The influence of Anton Webern in the two decades following World War II exceeded that of any other composer including his teacher Arnold Schoenberg. Webern introduced new forms for new contents, and imposed a sensibility challenging that of the modern music of the day—for example, a Bartok Orchestra Concerto, a Schoenberg Piano Concerto, or a Stravinsky Danses concertantes. But more recently, Webern’s range of feeling has been called into question, as has the validity of the relationships between some of his complex constructions and the music one hears. An examination of his musical philosophy, of his approach to composition, and of his own analyses of his later works is needed.
This much and more is provided in a forthcoming biography of the composer by Hans Moldenhauer, the first full (Wagner-not-Webern-length) one, a definitive “life” not likely to require significant amplification or revision for at least a decade. Much of the book consists of primary documents, the principal sources being diaries that span most of Webern’s career, several hundred pages of his letters to Schoenberg (together with many of the master’s replies), correspondence with Alban Berg as well as with many lesser musicians and friends, and an oral history that, in view of the comparatively limited sphere of Webern’s activities in his earlier years and the enforced seclusion in his final ones, must be nearly complete.
Even those who have felt the attraction of Webern’s music, and who followed the astonishing shift from esoteric to exoteric in his postwar recognition, will discover from the new book that they knew virtually nothing about the man apart from the circumstances of his death. Also, because his life, work, and philosophy were for thirty years inseparable from his teacher’s, Anton von Webern is Schoenberg biography as well. Finally, Moldenhauer gives new information on the friendship between Webern and Berg. Far from being confined to the most “enigmatic” of the Viennese triumvirate, therefore, the volume is a history of the anti-tonality movement that, twenty-six years after Schoenberg’s death, has become established as the center of gravity in twentieth-century music.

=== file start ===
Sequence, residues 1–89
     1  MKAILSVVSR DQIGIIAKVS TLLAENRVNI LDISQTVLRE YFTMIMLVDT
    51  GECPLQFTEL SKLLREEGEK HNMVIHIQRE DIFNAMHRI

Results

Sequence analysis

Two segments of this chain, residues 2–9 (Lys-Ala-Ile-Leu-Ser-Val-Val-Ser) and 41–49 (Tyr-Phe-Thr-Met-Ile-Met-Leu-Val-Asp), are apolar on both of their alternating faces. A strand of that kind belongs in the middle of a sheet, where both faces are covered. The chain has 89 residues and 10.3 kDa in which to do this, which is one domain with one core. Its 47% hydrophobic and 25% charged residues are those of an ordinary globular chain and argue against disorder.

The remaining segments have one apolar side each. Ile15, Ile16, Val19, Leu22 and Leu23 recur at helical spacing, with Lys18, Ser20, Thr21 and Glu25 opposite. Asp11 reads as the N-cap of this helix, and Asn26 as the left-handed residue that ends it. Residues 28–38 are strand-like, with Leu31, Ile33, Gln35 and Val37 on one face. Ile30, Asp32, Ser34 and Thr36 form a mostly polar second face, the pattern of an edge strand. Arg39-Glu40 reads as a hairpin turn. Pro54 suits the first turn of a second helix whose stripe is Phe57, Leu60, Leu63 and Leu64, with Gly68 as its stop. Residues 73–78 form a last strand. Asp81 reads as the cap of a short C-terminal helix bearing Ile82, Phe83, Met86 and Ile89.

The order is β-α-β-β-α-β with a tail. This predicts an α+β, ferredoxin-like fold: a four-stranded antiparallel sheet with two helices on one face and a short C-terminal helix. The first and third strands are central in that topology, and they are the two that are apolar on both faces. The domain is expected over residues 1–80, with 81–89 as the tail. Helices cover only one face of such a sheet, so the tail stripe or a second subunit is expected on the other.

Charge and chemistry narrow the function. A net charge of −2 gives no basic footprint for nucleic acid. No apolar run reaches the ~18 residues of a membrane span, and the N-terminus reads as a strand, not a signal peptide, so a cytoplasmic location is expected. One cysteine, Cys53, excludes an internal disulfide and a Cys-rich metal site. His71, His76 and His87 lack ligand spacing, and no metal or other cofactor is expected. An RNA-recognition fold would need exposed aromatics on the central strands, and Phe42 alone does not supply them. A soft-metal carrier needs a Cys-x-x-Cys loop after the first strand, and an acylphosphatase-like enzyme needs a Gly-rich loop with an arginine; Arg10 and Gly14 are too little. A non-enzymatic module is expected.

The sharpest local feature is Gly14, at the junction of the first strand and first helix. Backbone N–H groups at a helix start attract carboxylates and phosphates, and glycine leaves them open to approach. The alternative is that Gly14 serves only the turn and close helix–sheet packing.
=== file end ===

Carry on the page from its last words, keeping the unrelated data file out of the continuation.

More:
Webern was of noble descent, and his genealogy, longer than that of any other composer, can be traced from the late Renaissance in Alto Adige to present-day America, where one cousin taught Asian art history at Bryn Mawr, and another, an inventor, introduced rotogravure to The New York Sun, and died in Dayton, Ohio, in 1962. An ancestor of the composer fought in America in 1785—but as a captain of Hessian mercenaries, thus making the second of the founding fathers of twelve-tone music ineligible for membership in the Sons of the American Revolution. In the same year, a certain “Herr von Webern,” also probably an ancestor—the name, originally “Weber,” seems to have acquired the “n” of the dative case through a clerical error—is mentioned in a letter by Haydn as his sponsor for the Masonic Lodge to which Mozart already belonged.
The musical education …
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